August is Spinal Muscular Atrophy (SMA) awareness month. Organizations like Cure SMA work diligently to educate the public about this genetically-passed disease that is the leading cause of death of infants up to 2 years of age. 1 in 50 Americans, despite gender or race, can be a carrier of this recessive gene. Being informed and spreading knowledge on the probability, risks, and effects of this disease is helpful in family planning and the pursuit of finding a cure.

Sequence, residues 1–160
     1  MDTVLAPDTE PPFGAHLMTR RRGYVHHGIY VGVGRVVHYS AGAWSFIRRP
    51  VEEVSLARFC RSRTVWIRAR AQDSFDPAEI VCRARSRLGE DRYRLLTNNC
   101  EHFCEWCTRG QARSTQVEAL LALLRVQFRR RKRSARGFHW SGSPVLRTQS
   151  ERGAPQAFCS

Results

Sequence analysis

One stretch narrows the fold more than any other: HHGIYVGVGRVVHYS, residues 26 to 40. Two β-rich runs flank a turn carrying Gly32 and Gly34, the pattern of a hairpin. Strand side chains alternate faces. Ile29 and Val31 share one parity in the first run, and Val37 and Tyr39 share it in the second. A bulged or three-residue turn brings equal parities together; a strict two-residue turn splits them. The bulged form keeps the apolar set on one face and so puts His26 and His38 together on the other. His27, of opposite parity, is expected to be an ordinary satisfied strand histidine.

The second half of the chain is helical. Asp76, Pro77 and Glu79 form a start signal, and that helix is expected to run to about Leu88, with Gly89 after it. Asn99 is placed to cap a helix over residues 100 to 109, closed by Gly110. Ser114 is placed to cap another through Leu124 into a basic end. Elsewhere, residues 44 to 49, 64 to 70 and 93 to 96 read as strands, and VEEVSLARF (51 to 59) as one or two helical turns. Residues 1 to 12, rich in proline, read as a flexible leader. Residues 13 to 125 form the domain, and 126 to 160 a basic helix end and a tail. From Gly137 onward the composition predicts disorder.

SMA is caused by a mutation of the survival motor neuron gene 1 (SMN1) that is responsible for muscle development necessary to walk, eat, and/or breathe. This recessive (non-dominant) gene affects nerves with the spinal cord that is responsible for producing the protein necessary for normal muscle growth. When the SMN1 gene is mutated, it hinders muscle development and causes the nerves within the muscles to die. Since SMA only affects physical development, it is hard to recognize if newborn has this disease until they do not meet the typical developmental milestones. Read the full article.